Seidel’s recommendation to continue the masking requirement was based on a report from a campus advisory group that acknowledged numerous concerns about the current masking policy, including “reduced adherence” and the fact that there is “no enforcement of the current policy, and no individual or unit is eager to enforce the policy.”

Continuing divisiveness

The decision to drop nearly all masking requirements was more contentious than the final 9-2 vote indicated. Trustees David Fall and Dave True were the only “nays.”

Before the final vote, Fall unsuccessfully moved to adopt Seidel’s recommendation to maintain the classroom masking requirement for at least another month.

Echoing administrators’ sentiments, Trustee John McKinley supported Seidel’s recommendation, saying it strikes a balance that “protects the most vulnerable in those mandatory settings.”

Faculty Senate Chair Adrienne Freng also supported the plan to keep masks for another month.

“There are (faculty) that have wanted to get rid of the masks and still do, but I don’t hear from them nearly as much as those who feel like the classroom is just a different space” needing additional protections, Freng said.

Hunter Swilling, UW’s student body president, also urged the continuation of the mask requirement for another month.

However, Fall’s original motion died on 5-6 vote, with trustees Laura Schmid-Pizzato, Macey Moore, Carol Linton, Brad LaCroix, Elizabeth Greenwood and Jeff Marsh voting in opposition.

Trustee Michelle Sullivan was not present for the meeting.

Noting that all K-12 school districts in Wyoming have dropped mask requirements, Moore said UW’s mandate “continues to be divisive.”

For the entirety of this academic year, masks have not been required at voluntary public events, including sporting events, theater performances and other social events. Individuals have also been allowed to remove their masks in buildings where social distancing is possible.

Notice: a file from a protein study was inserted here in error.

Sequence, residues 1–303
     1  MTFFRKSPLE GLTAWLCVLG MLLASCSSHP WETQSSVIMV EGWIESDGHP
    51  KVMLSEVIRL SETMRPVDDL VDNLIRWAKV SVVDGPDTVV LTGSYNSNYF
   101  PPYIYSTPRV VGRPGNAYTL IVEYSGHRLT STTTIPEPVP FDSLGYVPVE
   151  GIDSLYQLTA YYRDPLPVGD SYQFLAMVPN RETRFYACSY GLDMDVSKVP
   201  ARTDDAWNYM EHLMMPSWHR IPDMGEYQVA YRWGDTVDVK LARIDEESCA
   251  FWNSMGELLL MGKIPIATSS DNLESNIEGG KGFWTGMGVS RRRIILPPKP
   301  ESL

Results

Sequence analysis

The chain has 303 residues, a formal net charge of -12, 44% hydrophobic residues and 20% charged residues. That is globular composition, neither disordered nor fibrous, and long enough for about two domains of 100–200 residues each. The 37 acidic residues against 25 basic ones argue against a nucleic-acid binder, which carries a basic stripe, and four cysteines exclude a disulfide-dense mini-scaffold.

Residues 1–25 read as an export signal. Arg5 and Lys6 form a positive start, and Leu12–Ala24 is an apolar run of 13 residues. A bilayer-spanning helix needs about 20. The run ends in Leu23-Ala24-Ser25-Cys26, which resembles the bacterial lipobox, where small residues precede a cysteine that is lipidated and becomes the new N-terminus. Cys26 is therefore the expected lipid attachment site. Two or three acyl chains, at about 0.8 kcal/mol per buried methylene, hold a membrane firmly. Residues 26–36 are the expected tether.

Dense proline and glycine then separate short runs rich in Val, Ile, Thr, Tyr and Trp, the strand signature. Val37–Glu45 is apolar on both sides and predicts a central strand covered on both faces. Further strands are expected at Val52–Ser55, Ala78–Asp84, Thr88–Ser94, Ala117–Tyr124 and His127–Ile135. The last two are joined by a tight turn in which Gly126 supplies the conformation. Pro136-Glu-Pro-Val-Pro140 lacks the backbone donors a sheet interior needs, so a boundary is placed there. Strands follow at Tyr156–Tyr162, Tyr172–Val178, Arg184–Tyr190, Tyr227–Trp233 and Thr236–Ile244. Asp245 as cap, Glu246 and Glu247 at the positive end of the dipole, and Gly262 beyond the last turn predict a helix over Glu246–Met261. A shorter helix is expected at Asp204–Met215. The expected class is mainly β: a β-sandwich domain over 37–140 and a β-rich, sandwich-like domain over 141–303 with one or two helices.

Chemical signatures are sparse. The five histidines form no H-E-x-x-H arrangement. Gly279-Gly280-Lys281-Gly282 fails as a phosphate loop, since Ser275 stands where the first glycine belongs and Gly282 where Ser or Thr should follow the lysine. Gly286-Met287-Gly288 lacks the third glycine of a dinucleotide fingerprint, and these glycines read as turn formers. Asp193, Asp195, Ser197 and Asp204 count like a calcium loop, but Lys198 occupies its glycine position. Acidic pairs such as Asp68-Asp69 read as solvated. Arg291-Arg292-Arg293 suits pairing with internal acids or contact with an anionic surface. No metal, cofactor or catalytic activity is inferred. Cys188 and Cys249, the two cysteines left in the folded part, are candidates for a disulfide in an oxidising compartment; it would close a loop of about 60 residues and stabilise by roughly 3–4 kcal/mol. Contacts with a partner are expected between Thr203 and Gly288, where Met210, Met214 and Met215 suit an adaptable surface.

Critics of the masking policy have called it confusing.

“I just find it kind of contradictory that we don’t have the policy in the gymnasium where the games are. If you’re going to spread something, that’s the place where people are screaming and yelling and jumping up and down right next to each other,” Greenwood said.

College of Health Sciences Dean David Jones, who advocated to continue the mask requirement, stressed that classrooms should be treated differently because students and professors are required to be there.

“The exposure risk is also greatest there because of the duration,” he said.  “Students are sitting in class from 50 minutes to an hour-and-a-half, and that’s where there are faculty and students on campus who are still concerned.”

A graphic from UW President Ed Seidel’s COVID-19 advisory group shows how new COVID-19 cases in Albany County have dropped below 10 per day in the last week, after briefly jumping above 100 per day in mid-January. (University of Wyoming)

The trustees’ decision came as the Wyoming Department of Health’s official tally of active COVID-19 cases dropped below 1,000 this week — for the first time since August.

As of Wednesday, Albany County had 40 confirmed COVID-19 cases.

Daniel Bendtsen is a freelance journalist living in Green River. He previously spent five years working at the Riverton Ranger and Laramie Boomerang. Originally from the Upper Peninsula of Michigan, Bendtsen...